Stephen Crane and "The Open Boat" Analytical Essay by auhopp

Stephen Crane and "The Open Boat"
This paper not only tells about the Stephen Crane short story "The Open Boat," but it also tells of Crane's early life, his writing career, his unique style of writing and the underlying themes that he uses in "The Open Boat."
# 29959 | 1,316 words | 5 sources | MLA | 2003 | US
Published on Aug 17, 2003 in Literature (American) , English (Analysis)

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This paper tells how Crane's family, travels, his real life experiences and the time era in which he grew up and wrote (the era of Social Darwinism and Devout Humanists) encouraged him to be the type of writer that he was. This paper also shows Crane's writing styles of "impressionistic color" and "detailed symbolism" and gives examples from the story. It shows too how Crane used the underlying themes of "picturesque imagery" and "incisive irony" in "The Open Boat."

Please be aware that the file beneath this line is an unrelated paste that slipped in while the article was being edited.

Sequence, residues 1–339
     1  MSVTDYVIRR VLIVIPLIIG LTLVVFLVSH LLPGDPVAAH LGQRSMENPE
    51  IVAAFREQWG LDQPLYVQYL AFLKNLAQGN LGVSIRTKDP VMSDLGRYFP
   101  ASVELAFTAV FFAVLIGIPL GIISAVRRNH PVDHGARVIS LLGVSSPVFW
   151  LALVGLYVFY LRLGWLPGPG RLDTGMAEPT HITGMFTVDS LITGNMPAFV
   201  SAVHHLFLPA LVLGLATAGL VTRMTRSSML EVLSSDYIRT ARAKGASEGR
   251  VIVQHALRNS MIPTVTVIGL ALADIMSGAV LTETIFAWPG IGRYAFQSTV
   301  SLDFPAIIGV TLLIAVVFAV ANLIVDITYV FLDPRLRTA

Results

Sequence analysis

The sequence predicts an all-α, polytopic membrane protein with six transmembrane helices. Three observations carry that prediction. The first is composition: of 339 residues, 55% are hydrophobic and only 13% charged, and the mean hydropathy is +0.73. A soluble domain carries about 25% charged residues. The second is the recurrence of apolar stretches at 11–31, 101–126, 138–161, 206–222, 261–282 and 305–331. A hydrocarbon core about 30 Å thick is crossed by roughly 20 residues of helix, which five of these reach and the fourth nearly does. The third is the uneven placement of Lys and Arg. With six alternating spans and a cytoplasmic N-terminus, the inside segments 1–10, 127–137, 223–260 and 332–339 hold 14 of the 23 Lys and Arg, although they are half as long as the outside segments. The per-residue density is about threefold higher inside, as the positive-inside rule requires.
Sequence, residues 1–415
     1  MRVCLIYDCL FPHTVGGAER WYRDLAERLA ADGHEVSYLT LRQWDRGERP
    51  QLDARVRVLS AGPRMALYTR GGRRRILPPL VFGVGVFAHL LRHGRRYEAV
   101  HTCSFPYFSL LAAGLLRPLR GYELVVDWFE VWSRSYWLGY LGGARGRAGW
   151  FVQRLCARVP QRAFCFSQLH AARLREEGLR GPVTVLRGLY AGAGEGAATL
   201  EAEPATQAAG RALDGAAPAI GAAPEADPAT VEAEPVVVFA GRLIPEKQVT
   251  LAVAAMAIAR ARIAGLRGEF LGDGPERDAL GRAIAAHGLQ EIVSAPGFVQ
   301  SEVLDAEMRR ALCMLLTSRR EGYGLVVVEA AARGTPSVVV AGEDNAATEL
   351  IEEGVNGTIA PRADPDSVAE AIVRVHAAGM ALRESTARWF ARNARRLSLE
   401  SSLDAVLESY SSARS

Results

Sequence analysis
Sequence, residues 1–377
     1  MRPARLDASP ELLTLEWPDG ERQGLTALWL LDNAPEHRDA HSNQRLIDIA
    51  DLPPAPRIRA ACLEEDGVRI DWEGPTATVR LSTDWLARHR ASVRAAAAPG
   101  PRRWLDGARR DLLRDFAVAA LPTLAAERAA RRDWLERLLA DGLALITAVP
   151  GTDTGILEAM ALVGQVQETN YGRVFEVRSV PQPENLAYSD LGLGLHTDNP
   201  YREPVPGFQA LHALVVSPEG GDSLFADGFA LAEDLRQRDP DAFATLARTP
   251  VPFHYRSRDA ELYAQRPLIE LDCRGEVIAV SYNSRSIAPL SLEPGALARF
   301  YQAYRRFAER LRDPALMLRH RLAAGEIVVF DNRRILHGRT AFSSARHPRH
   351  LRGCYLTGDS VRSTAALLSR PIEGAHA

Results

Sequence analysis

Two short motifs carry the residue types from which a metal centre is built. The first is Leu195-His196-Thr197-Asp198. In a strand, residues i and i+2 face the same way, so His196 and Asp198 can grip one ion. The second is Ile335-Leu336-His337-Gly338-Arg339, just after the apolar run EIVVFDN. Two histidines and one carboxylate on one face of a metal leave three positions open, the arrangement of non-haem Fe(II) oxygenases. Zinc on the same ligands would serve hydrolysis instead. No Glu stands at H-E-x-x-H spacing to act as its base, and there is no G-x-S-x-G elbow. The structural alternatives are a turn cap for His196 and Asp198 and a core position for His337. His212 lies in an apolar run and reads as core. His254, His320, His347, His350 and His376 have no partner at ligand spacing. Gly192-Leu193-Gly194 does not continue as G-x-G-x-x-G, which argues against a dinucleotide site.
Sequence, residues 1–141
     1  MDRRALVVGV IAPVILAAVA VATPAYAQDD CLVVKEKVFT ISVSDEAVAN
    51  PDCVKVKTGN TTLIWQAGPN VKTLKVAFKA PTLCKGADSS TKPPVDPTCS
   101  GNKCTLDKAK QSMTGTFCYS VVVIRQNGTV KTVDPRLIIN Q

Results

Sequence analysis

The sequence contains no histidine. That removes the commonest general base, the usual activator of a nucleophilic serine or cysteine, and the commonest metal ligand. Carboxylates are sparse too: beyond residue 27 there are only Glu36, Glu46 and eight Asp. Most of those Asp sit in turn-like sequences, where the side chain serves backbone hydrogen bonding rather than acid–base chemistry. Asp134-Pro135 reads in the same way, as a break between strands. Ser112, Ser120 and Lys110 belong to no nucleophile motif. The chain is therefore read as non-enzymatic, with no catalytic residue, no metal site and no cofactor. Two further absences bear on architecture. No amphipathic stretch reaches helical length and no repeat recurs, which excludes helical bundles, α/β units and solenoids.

From the Paper:

"Stephen Crane was one of America's foremost naturalistic writers. Crane exercised keen observations, as well as personal experience to achieve a narrative vividness and sense of contiguity realized by few American writers before him (Votleler 97). Stephen Crane was born in Newark, New Jersey in 1871. He was the youngest of fourteen children born to a father, a Methodist Minister, and a socially reform minded mother. Crane's family settled in America during the mid-seventeenth century. Although his parents were religious people, Stephen systematically rejected religious and social traditions. He is described as a temperamentally gentle man, however, was obsessed with war and other forms of physical and psychic violence (Baym 741)."

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Stephen Crane and "The Open Boat" (2003, August 17) Retrieved December 08, 2023, from

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"Stephen Crane and "The Open Boat"" 17 August 2003. Web. 08 December. 2023. <>